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Dr. Clif Cleaveland

Carefully chosen and thoughtfully assembled, words can guide us through sorrow and fear and strengthen us for challenges that we will face.

President Lincoln set a standard for the ages with his Gettysburg Address, delivered Nov. 19, 1883, at the dedication of the National Cemetery at the site of the bloody battle of July 1-3.

"... that we here resolve that these dead shall not have died in vain, that this nation under God, shall have a new birth of freedom, and that government of the people, by the people, for the people shall not perish from the earth."

Winston Churchill repeatedly consoled and inspired his countrymen, especially during the grim, early months of World War II. Addressing Parliament on June 4, 1940, as the evacuation from Dunkirk of British and French troops was concluding: "Our losses now have exceeded 30,000, killed, wounded, or missing. I take this occasion to express sympathy of the House to all who have suffered bereavement or who are still anxious." He concluded his address with a challenge: "We shall defend our island, whatever the cost may be, we shall fight on the beaches, we shall fight on the landing grounds, we shall fight in the fields and in the streets, we shall fight in the hills; we shall never surrender." In dark times, he expressed sympathy while calling forth the best in his listeners.

On the evening of Martin Luther King, Jr.'s assassination, April 4, 1968, Sen. Robert Kennedy, who was campaigning for the Democratic nomination for president, addressed an African-American crowd in Indianapolis, Indiana. Standing in the bed of a pickup truck, he spoke:

"I have bad news for you, for all our fellow citizens; and people who love peace all over the world, and that is that Martin Luther King was shot and killed tonight. Martin Luther King dedicated his life to love and to justice for his fellow human beings, and he died because of that effort ... . What we need in the United States is not division; what we need in the United States is not hatred; what we need in the United States is not violence or lawlessness; but love and wisdom and compassion toward one another and a feeling of justice toward those who still suffer within our country, whether they are black or white."

President George W. Bush addressed a shocked nation on Sept. 14, 2001, at a service in Washington's National Cathedral. "Our unity is a kinship of grief and a steadfast resolve to prevail against our enemies ... On this national day of prayer and remembrance, we ask Almighty God to watch over our nation and grant us patience and resolve in all that is to come."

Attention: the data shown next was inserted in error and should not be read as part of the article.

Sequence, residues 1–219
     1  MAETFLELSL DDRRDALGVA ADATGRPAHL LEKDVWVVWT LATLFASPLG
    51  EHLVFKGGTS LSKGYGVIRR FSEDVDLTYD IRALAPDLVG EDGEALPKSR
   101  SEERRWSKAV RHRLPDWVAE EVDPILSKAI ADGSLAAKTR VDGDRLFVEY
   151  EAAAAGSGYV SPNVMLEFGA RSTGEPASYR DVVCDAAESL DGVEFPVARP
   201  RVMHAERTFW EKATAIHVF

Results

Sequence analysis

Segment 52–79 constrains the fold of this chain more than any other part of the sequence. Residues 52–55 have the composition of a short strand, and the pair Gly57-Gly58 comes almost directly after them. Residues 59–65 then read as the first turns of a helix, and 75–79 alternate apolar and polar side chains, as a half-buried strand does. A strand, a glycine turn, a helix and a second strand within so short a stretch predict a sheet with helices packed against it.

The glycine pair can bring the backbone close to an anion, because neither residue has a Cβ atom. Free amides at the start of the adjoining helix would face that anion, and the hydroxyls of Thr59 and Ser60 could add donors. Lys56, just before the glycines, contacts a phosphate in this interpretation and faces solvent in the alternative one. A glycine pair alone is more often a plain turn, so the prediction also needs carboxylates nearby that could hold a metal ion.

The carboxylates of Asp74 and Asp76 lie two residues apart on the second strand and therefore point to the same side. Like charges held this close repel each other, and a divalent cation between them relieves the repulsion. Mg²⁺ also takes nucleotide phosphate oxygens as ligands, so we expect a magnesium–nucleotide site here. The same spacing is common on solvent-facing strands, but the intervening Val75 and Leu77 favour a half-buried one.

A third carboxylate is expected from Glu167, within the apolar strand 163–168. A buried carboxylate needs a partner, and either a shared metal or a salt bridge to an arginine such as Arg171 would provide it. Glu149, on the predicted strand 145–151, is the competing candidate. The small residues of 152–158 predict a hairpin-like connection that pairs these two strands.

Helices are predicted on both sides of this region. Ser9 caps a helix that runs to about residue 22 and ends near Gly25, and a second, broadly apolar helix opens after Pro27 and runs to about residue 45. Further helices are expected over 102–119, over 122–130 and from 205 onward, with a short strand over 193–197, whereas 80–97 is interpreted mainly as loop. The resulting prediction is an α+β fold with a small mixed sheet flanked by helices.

President Obama repeatedly consoled and called us to follow our "better angels" when he spoke after massacres at Fort Hood, Sandy Hook Elementary School, and the shooting at Emanuel AME Church in Charleston, South Carolina. He concluded his remarks from the White House the day after the murderous rampage at the church: "Mother Emanuel Church and its congregation have risen before from flames, from an earthquake, from other dark times to give hope to generations of Charlestonians, and with our prayers and our love and the buoyancy of hope, it will rise again now as a place of peace."

Tweets are increasingly becoming a shorthand to employ at times of tragedy and loss. "Thoughts and prayers" becomes an empty slogan to offer to people and to communities coping with grief that had previously been unimaginable. A tweet is launched almost automatically with little thought about content. If not the president or other national leaders, who can articulate the losses sustained by survivors of mass shootings and natural catastrophes? Who can call us to muster courage and compassion after severe losses?

This spokesperson will feel the loss and prayerfully search for the words that can reach deep into the souls of listeners to lift spirits and to summon courage for threatening times.

Contact Clif Cleaveland at ccleaveland@timesfreepress.com.

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